How Do You Calculate Pain and Suffering?
The value of your personal injury case depends on two types of damages. Economic damages represent the financial costs and losses incurred due to the injury. Examples include medical bills and wage losses. Non-economic damages represent the diminishment of your quality of life due to pain and suffering.
What is Pain and Suffering?
Pain and suffering is made of harms and losses one experiences as the result of another’s negligence. Pain makes your life miserable. It interferes with your ability to work and enjoy life. It prevents you from participating in activities you enjoy, like playing with your kids or going on a jog. Pain often disrupts your sleep.
Suffering refers to the mental anguish you experience due to the other person’s negligent or wrongful actions. It covers your distress about the accident and your worries about your health and finances. Depression, anxiety, nightmares, and grief after an incident diminish your quality of life.
The value of pain and suffering will not include any concrete financial losses tied to these physical and mental issues.
For example, pain and suffering damages do not include the cost of pain medication or therapy with a mental health professional. You will include these costs with your economic damages. Non-economic damages only encompass the effects of pain and suffering on your quality of life. At a trial, a judge would charge the jury to award pain and suffering damages if they find that the plaintiff is suffering in any of the following ways:
· Interference with normal living;
· Interference with enjoyment of life;
· Loss of capacity to labor and earn money;
· Impairment of bodily health and vigor;
· Fear of extent of injury;
· Shock of impact;
· Actual pain and suffering, past and future;
· Mental anguish, past and future; and
· The extent to which the plaintiff must limit activities.
Calculating a Value for Pain and Suffering
Georgia law classifies pain and suffering as general damages. You can recover them without proving any specific amount because the law presumes every injury causes pain and suffering. According to Georgia’s Pattern Jury Instructions, the measure of pain and suffering damages is an amount that is “reasonable, fair, and just.”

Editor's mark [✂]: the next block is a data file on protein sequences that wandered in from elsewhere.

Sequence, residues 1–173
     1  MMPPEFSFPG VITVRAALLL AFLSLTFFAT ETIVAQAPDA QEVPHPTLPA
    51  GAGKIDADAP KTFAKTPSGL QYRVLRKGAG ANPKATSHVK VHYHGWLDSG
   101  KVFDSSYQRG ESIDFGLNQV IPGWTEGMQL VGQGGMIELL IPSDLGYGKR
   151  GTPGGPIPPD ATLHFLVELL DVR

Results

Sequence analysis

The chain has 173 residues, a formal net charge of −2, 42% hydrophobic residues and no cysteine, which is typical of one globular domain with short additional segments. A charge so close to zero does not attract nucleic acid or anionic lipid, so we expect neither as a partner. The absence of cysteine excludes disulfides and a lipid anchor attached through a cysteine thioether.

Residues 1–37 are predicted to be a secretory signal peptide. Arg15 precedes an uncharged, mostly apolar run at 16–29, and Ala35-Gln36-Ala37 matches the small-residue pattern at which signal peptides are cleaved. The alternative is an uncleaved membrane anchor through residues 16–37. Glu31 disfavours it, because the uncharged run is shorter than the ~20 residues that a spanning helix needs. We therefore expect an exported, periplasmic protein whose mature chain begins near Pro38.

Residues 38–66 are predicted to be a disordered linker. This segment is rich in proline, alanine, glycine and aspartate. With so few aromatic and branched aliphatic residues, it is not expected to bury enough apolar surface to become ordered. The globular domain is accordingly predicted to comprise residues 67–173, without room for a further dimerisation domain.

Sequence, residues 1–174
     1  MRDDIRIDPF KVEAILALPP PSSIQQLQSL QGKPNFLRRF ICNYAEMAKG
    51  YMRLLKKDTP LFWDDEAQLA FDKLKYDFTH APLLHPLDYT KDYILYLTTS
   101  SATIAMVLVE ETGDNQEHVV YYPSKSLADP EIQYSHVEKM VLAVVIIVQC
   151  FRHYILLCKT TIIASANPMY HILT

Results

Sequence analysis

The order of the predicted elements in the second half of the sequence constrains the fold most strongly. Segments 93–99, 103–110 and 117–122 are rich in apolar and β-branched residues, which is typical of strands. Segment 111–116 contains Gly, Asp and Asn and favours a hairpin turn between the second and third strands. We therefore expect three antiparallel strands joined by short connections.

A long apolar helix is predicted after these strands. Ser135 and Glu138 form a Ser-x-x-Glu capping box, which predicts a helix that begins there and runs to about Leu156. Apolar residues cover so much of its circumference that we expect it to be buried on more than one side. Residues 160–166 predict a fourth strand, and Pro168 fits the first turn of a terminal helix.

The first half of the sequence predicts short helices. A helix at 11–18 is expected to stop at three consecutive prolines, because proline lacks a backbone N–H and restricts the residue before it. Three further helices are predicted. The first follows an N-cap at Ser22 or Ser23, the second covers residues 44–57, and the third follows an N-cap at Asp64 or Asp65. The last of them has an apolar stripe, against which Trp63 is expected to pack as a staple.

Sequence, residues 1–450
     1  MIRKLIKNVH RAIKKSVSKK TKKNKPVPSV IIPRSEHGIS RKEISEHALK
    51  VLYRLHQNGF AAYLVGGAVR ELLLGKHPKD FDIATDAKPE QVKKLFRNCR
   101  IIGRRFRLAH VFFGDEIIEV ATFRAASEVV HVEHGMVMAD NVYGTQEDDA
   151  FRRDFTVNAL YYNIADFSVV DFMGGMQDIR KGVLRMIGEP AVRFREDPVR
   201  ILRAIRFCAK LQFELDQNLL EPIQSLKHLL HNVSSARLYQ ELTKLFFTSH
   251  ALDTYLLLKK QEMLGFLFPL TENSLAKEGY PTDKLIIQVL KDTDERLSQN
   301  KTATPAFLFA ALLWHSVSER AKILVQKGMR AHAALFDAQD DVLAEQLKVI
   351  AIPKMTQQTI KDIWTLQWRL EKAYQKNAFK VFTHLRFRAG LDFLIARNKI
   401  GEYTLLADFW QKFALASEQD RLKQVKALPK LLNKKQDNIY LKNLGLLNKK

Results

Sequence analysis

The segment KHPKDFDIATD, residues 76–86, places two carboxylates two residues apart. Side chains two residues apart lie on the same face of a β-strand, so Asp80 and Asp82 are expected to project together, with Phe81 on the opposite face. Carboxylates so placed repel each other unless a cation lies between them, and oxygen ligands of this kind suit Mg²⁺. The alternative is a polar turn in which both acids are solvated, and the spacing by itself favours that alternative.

Most jurors lack any experience in calculating damages awards. As a result, your injury lawyer could call your friends, family, and coworkers to testify about how you have suffered after being injured by another’s negligence. Here are some common ways lawyers explain how to calculate general damages to a jury:
Per Diem Method
When using the per diem method, the jury can assign a base daily rate to the pain and suffering damages. The value is based on the severity of your injuries.
This method allows the jury to think about your injuries in separate chunks of time rather than getting overwhelmed by the overall duration. It also allows the jury to adjust the value depending on the duration of each injury you suffered.
The daily value is then multiplied by the total number of days during which you suffered from the injury. For example, the jury could assign a value of $100 per day for pain and suffering and multiply it by 100 days to arrive at a pain and suffering award of $10,000.
A lawyer might ask a jury to take the medical bills and multiply them by some factor to reach a value of the pain and suffering. The multiplier typically ranges from 1.5 to 10x, with more severe and permanent injuries falling on the higher end of the scale.
Thus, if you prove $10,000 in economic losses and the jury picks a multiplier of 1.8, you have a total damage award of $18,000, $10,000 of which represents economic losses and $8,000 for pain and suffering.
Calculating Your Pain and Suffering
Every case involves unique facts and circumstances that will affect a damage award. Contact a skilled personal injury lawyer to discuss the damages you can seek under Georgia law.
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